Prison labour and the 13th Amendment

The 13th Amendment is a curious little beast. Abolishing slavery in the United States was, we can generally agree, a rather good idea, and in 1865, this beaut was duly ratified and entered into full force of law. But it came with some distinctive caveats, and a sharp indicator that no matter what the law says, slavery is still alive and well in the United States. Until the problems of the 13th Amendment are addressed, no one can be said to be truly free in a nation where people in fact perform involuntary servitude on a daily basis, and those within the nation benefit from people treated like human capital on a daily basis.

“Neither slavery nor involuntary servitude, except as a punishment for crime whereof the party shall have been duly convicted,” the amendment declared, “shall exist within the United States, or any place subject to their jurisdiction.” While the outright ban on chattel slavery was critical, the amendment didn’t go nearly far enough, thanks to that one little weasel phrase: ‘Except as a punishment for crime.’ Thanks to those six words, ever since the 1860s, states have been taking advantage of forced labour to perform a variety of tasks from road maintenance to making license plates, and in recent years, they’ve also licensed out that labour, allowing prisons to profit tremendously by ‘leasing’ their prisoners to third parties.

Prisoners don’t have a choice when it comes to whether they work or not, though in some prisons they can exercise some freedom in terms of the work assignments they accept. They’re expected to work as part of the terms of their sentence in a culture with a ‘do the crime, do the time’ attitude that says prisoners can be subjected to anything on the grounds of their convictions. People lose tremendous civil rights when they go to prison and people parse this as acceptable because, well, if they wanted to retain their civil rights, maybe they shouldn’t have committed the crime in the first place.

Setting aside the fact that innocent people go to prison on a routine basis. Setting aside structural inequalities that make it harder for some people to access a competent and comprehensive defense. Setting aside unfair sentencing policies and in some cases mandatory sentencing laws, which tend to disproportionately target some populations more than others. Setting aside the fact that prisoners are already deprived of liberty, and face conditions like being trapped in solitary confinement for the slightest perceived infraction. Setting aside the fact that prisoners have limited access to health care.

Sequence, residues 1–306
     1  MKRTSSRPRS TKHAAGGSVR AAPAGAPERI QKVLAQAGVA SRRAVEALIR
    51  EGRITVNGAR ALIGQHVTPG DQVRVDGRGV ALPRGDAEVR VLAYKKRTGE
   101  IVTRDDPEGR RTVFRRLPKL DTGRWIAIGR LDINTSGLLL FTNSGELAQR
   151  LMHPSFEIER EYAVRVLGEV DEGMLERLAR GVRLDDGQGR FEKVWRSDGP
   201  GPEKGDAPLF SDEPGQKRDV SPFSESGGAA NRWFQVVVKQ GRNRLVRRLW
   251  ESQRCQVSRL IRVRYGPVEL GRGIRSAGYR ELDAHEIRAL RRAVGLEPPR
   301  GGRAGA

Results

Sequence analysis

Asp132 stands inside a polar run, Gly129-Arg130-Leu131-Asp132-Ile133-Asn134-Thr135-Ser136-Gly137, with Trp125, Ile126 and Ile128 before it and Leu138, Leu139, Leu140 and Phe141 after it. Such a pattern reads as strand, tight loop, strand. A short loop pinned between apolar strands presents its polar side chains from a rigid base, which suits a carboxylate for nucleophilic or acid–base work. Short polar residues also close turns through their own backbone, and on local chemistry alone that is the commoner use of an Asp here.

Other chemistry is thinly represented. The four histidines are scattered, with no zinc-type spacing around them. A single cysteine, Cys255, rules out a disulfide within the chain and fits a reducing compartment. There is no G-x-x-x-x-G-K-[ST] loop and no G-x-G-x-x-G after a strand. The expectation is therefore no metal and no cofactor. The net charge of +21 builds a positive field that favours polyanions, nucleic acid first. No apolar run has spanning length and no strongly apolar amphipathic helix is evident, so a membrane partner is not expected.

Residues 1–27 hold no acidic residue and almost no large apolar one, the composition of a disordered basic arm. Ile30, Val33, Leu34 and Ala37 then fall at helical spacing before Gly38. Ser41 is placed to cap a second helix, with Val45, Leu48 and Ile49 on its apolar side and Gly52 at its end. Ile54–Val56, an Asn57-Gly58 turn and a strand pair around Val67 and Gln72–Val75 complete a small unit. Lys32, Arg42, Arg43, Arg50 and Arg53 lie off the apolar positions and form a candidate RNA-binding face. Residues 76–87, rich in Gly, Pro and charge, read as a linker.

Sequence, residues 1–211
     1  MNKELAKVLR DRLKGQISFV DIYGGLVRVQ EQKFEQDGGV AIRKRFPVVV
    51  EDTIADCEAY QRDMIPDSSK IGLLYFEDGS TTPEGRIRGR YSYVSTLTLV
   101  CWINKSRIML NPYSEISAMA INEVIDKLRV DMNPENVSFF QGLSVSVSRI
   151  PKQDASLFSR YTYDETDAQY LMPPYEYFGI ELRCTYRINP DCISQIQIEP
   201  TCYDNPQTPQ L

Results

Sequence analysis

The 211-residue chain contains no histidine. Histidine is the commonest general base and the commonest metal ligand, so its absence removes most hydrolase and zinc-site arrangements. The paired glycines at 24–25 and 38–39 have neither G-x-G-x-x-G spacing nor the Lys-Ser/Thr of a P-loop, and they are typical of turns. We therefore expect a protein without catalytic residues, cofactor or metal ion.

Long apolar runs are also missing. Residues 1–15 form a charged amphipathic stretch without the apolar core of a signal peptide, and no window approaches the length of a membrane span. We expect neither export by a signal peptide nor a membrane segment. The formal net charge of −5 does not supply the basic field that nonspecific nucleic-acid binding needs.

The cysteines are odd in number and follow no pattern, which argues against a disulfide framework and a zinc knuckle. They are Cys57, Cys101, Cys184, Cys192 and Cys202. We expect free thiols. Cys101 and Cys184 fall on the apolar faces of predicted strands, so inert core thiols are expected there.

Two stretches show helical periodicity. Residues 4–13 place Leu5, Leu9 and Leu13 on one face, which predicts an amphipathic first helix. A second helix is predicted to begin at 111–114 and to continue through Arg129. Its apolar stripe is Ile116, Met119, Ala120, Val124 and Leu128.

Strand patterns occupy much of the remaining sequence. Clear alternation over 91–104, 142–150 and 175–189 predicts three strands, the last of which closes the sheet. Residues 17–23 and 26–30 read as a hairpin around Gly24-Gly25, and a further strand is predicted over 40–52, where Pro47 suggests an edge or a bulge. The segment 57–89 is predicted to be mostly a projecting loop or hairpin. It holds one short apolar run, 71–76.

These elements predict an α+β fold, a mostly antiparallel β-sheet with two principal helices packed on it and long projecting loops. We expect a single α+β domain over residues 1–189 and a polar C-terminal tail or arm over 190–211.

Prisoners are punished with limited access to books and other media. They are punished by being disenfranchised. They are punished with terrible food. With limited access to the outdoors. With restrictions on whom they can associate with and when, including their own families. Imprisonment, the government informs the public, is necessary both for protection, and for providing stern lessons to people who break the law and need to be reminded of the consequences for it. Rehabilitative justice is not part of the American mindset.

And part of this ‘justice’ includes the practice of forced labour. Prisons require inmates to work for pennies on the dollar (sometimes several dollars an hour, depending on context and setting). While prisons are expected to provide inmates with basic amenities, many of these earnings go to things outsiders would think as pretty fundamental, like saving soap and other simple toiletries, menstrual supplies, the occasional book or magazine. Prisoners are not exactly sending money home to their families to provide financial support in their absence, nor are they banking up money to use when they get out of prison and need to reestablish themselves in the community. Consequently, systems of intergenerational poverty are created, as people cycle in and out of prison, trapped by institutional structures they can’t fight.

At the same time, the state profits tremendously by having a pool of free or very low cost labour. Maintenance on a huge range of government infrastructure is performed by prisoners, who collect garbage, fight fires, perform road repairs, and much more. Third parties can request prison crews, and for-profit prisons have a very intimate relationship with companies that pay a handsome sum for prison labour — most of that sum, however, remains in the hands of executives, never reaching the pockets of the prisoners who did the work.

The 13th Amendment says that this is completely okay, that forced labour is simply part of the price people pay when they commit crimes. Advocates for prison reform and an end to labour abuses have called foul on this practice repeatedly, with limited response — what we effectively need is another amendment, something that would be extremely challenging in a hostile political climate where it’s barely possible to pass even a basic, noncontroversial law, let alone an amendment that would fundamentally alter a huge component of the prison system.

This is an example of the routine injustice that passes behind prison walls without any social or cultural awareness or engagement. Forced labour is happening to someone else, someone far away, someone who probably deserves it anyway if they’re in prison, right? These attitudes inevitably result in pushback when reformers try to say that no, this is not acceptable, this is not normal, and while it may be in the Constitution, it goes against the stated ideals and practices of this country, and we should do better.

Image: Rally at Chowchilla, Daniel Arauz, Flickr